What this says is: “whenever an element inside is focused, apply these styles to the label element.” And not so long ago we also made an almanac entry where Chris made a nifty demo:

In this demo the whole page changes color and the label that wraps the input also changes color which can help folks focus on the input they’ve selected. Also, on this note, I’ve found that this pseudo class is great and tidying up a bunch of code and avoiding weird CSS hacks with padding and margin to get things looking the way that you want them to.

CSS leaning card effect

Another day, another fabulous demo from Lynn Fisher. This time it’s this card effect that replicates shadow and light direction in a rather striking way:

This effect is made with a whole bunch of linear-gradients and pseudo elements, so it’s worth taking a gander at the code there to see how Lynn did this.

Rough Notation

Here’s a tiny JavaScript library called Rough Notation by Preet Shihn that lets you make handwritten-styled annotations on a webpage that can also be animated, like this one example I’ve captured here from the docs:

There’s a ton of different effects and animations you can toggle on or off but I really like this style in general. I’m going to try and squeeze this into the next dumb side project I work on for sure.


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WooCommerce Day is July 28!

…and it’s literally the biggest sale that WooCommerce offers all year. So, if you’re planning to purchase any WooCommerce products, mark your calendar for July 28th because that’s when the action starts. Until then, start making your shopping list.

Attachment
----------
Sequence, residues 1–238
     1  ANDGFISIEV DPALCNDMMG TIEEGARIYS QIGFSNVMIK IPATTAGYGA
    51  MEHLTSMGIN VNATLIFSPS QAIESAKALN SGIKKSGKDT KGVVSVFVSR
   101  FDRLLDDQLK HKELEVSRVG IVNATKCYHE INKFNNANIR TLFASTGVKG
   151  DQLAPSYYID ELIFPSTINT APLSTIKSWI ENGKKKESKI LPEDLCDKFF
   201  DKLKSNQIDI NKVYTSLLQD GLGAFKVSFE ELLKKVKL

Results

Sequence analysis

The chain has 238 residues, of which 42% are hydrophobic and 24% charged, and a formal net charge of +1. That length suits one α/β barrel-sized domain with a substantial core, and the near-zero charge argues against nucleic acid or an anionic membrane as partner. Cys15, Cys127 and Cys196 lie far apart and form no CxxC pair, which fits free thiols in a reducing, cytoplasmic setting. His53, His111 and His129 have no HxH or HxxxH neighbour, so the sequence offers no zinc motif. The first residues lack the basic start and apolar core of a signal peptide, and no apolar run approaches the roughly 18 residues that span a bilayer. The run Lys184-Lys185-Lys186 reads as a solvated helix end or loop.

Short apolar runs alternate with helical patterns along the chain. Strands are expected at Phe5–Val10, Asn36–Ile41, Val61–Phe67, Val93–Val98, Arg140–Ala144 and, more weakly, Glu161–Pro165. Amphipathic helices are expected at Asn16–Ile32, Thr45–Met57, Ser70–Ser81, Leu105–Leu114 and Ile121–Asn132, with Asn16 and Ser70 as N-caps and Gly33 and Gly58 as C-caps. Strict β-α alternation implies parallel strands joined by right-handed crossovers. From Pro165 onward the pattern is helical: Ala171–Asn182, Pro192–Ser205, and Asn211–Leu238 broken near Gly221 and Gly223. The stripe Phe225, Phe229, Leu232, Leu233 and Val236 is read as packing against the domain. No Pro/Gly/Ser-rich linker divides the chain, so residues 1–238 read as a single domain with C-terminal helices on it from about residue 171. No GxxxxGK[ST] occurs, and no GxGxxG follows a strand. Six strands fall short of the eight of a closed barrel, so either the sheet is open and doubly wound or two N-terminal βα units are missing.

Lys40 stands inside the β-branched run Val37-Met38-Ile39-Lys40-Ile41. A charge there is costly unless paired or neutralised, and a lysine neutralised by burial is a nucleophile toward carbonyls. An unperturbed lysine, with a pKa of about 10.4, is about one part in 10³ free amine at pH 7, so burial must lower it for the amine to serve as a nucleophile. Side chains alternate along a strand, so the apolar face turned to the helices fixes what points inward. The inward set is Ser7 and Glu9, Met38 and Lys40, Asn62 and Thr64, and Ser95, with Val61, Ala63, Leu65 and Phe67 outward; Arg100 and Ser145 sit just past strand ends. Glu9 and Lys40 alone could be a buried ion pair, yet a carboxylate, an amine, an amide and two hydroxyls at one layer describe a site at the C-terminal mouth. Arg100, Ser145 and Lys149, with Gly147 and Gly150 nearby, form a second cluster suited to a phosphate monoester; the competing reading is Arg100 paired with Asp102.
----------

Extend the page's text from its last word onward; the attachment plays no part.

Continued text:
[Chris]: Sometimes when I see cutting edge tech that, through its existence, suggests that my job might be automated away, I scoff. Not my job, I think. I don’t just build basic websites that can be built by some fancied up robotic brick-layer. My job requires nuance and emotion and love, in addition to complex technical prowess, that automation is nowhere near replicating.

So this tool where I describe my app and it builds it? Fun demo, but it doesn’t threaten me. (Also: LOL nice subreddit placement.)

But then I think about just my own (relatively) short career in building websites. In the early days, I thought I’d just build websites for other people as a career. That market still exists, but it’s nothing like what it used to be. The low-end of the market is almost entirely gone, replaced by commoditized and centralized super sites that either replace the need for having a site at all, or help people build the site nearly as easy as ordering McDonald’s from a touch screen and for about the same price.

I’ve already watched the industry change dramatically. Certain jobs that used to exist just don’t anymore. But jobs in the tech industry are growing, not shrinking, so if there is a problem, it is masked by overall growth.